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Thread: bigger cam is better!?

  1. #1
    mach1 454
    iv been told by a VERY good mechanic that knows about boats as well as cars that the bigger the cam in a boat the better. is that true? i kind of believe him because he has this bad ass 24'eliminator that hits 120 on a single non blown engine that he built. would a bigger 5 something lift cam be better for my 1975 jet boat? it has a 454 that is basicly stock except for the intake and cam. it runs a good 60MPH. im wondering if i would pick up any speed with that cam and bigger carb?any help would be apreciated. thanx.
    mach1 454

  2. #2
    Not neccesarily.How high do you plan on revving your motor?A bigger cam will raise your hp levels at higher you want to be revving 8k to make power?
    A cam that is to big in a jet boat can hurt you.If you are running an a impeller you will probably not see high rpm for that cam to might need a smaller impeller.
    If you have a high comp ratio,head combo carbueration,etc, and everything to match then you can go with a bigger cam.
    How big a cam are talking about? This all depends on what your current set up is.If you want alot of reliability stay with a hydraulic type.If you are running a near stock motor with mild or no head work stay with something aroun 230-240@.50 duration with around a 550-560 lift on a 108 center.this should work well for an a -b impeller which should put your peak hp around 5-5500rpm.
    A hydraulic roller type would even be a better choice if the funds allow the big advantage would be a motor that will make the same hp at higher rpm and more torque at lower rpm with the same or more hp.

  3. #3
    Bottom Line the parts have to match, and work together !!!

  4. #4
    spectras only
    The cam specs charger described is about the best for a natural aspirated BB engined jet boat with "A" or "B" impeller.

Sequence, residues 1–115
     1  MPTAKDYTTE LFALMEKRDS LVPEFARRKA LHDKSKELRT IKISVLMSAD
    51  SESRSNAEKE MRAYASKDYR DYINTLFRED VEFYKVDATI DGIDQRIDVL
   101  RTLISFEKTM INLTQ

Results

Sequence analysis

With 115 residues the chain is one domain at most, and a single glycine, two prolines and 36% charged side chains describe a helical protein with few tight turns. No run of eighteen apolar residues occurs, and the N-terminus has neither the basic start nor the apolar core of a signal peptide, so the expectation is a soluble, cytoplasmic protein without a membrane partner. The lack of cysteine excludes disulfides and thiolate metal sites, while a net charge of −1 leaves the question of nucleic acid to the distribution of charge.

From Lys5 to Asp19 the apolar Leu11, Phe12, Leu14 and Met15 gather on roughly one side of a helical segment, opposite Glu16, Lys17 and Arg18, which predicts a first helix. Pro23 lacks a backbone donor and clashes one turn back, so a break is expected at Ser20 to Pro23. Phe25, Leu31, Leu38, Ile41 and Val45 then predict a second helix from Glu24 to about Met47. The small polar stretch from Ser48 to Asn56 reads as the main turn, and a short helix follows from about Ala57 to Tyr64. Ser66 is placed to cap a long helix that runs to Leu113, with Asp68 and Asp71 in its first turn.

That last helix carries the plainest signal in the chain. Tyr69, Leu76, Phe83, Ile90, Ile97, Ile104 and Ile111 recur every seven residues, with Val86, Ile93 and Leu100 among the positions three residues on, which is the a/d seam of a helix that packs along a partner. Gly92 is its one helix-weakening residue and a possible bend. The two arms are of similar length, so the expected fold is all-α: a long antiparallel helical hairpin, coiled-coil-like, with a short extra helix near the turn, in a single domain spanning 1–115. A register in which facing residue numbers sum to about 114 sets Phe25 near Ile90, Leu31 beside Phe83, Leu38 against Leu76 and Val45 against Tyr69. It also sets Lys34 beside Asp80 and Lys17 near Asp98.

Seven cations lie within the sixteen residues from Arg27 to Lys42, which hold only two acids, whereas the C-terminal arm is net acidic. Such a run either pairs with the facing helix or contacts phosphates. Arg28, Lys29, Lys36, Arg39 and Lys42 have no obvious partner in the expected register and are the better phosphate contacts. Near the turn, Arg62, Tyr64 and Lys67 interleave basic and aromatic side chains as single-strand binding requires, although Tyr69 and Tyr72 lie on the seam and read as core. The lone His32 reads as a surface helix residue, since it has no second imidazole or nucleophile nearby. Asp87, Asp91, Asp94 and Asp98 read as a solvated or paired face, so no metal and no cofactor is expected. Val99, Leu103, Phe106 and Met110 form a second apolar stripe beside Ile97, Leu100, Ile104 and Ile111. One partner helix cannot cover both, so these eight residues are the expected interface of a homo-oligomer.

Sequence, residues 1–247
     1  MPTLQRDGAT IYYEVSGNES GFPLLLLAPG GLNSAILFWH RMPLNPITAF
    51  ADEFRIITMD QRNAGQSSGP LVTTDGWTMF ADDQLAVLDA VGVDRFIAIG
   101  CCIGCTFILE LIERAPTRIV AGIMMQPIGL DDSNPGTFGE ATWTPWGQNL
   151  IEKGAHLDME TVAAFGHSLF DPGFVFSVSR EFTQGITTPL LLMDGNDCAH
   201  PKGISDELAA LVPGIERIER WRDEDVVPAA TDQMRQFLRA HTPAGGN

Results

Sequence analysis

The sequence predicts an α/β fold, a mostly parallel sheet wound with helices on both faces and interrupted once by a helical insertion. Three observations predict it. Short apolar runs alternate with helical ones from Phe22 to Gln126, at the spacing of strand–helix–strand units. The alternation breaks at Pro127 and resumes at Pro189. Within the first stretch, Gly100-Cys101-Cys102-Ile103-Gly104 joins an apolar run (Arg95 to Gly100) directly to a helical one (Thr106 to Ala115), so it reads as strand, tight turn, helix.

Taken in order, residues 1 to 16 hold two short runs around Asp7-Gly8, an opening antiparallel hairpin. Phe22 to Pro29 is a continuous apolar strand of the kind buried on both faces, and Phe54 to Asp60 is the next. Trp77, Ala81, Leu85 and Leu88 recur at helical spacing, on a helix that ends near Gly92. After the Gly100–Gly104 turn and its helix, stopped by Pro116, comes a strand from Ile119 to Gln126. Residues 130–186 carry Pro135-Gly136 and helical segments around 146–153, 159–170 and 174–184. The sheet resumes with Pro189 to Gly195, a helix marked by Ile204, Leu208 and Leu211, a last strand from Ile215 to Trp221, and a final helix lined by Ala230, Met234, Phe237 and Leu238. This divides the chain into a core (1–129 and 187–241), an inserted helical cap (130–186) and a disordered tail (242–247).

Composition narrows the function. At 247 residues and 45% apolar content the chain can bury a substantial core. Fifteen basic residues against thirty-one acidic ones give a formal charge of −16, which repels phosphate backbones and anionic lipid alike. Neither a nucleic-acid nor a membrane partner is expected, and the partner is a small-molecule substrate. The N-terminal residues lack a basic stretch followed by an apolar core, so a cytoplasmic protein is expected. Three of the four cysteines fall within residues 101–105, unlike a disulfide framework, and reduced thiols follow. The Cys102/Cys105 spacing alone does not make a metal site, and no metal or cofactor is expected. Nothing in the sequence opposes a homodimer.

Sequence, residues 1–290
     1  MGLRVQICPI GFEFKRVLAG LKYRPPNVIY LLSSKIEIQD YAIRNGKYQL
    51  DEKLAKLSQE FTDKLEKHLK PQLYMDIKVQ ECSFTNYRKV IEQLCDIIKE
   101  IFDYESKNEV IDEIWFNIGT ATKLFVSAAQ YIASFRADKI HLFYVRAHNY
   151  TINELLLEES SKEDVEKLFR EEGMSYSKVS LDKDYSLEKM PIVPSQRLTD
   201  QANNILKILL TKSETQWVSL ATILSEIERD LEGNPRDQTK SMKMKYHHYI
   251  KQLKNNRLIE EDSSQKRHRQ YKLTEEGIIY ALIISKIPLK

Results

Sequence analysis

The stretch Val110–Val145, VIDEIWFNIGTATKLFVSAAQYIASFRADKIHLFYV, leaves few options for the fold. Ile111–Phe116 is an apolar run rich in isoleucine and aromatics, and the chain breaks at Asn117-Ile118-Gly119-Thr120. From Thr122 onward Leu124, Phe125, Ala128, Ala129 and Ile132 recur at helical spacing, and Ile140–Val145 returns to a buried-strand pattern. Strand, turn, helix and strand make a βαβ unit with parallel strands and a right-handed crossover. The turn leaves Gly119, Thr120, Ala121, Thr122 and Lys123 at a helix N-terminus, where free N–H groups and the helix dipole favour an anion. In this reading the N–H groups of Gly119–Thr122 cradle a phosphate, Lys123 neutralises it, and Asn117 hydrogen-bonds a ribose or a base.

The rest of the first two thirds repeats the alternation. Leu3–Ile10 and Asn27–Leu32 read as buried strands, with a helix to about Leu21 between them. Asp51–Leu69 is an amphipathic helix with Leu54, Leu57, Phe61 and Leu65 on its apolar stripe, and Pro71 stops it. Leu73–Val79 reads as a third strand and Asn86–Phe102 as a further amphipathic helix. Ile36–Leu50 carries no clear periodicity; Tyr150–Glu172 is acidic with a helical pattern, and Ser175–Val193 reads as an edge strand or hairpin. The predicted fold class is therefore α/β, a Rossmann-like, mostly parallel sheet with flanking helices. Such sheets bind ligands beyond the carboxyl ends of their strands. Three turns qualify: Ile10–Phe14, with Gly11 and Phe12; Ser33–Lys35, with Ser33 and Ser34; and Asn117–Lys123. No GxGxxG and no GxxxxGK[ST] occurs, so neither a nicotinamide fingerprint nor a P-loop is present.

5. #5
    230 -240 @ .050 will peak HP at 6,500 - 7,000 RPM. That is way too much for a mild BBC jet. If the boat does not turn that many RPM's now, the duration should be much less. Also lobe separation should be 110 or 112. Lift should be determined by flow numbers of the heads. Stock head flow numbers are available from most performance cyl head shops.

  6. #6
    spectras only
    I agree with Info on the lobe separation spec,However 550/60 lift isn't that much for even a standard chev BB 427/454's. Had boats with standard blocks running with cams like the above for long time before giving any trouble .Just my devalued CDN 0.02 worth http://free.***

  7. #7
    Infomaniac i run a 248@50 with a 580 lift cam ona 108 center its peak hp is reached at 481hp at 5600 rpm.motor is a bbf 429 with 11-1 comp ratio heads will be ported soon to boost the hp.Cam is a hydrualic type.A solid will probably pull higher peak numbers.I'am currently spinning an a-b impeller to 5100.with the bottle it goes to 5500.

  8. #8
    A cam in the low-mid .500 inch range with a duration of 225-240 deg@.050 will work great. Stock heads can't support the flow of anything bigger; most mildly ported heads can't either. Also, big cams need more compression because the longer duration tends to bleed off cylinder pressure. With a 225 deg dur you need to be running at least a 9 somthin comp ratio. About 10.5-1 with polished chambers and correct timing will net you more power and a broader torque curve. Solid lifters are more of an rpm thing and won't get you a whole lot of increase. Marginal at best. CompCams makes a few really good jet boat/marine cams. Check out their website. Hope this helps. Don't hesitate to ask any questions. Most of us are here to help!

  9. #9
    HERE MACH1, link to comp cams marine cams.
    I USE THE 11-244-4, I ran the 11-240-4 before and it ran alot better with the 244-4. 454BBC
    merlin heads, elderbrock perf.rpm, 10:1, 850cfm DP holley,EMI thunder exh., AT with a A/B imp. runs 65mph at 5000 rpm.
    [This message has been edited by DOHARA (edited April 05, 2002).]

  10. #10
    GM Killer
    Just remember, you can NEVER go too big. First pick out the cam, then build the motor around it. If you use this train of thought, you will never go wrong!

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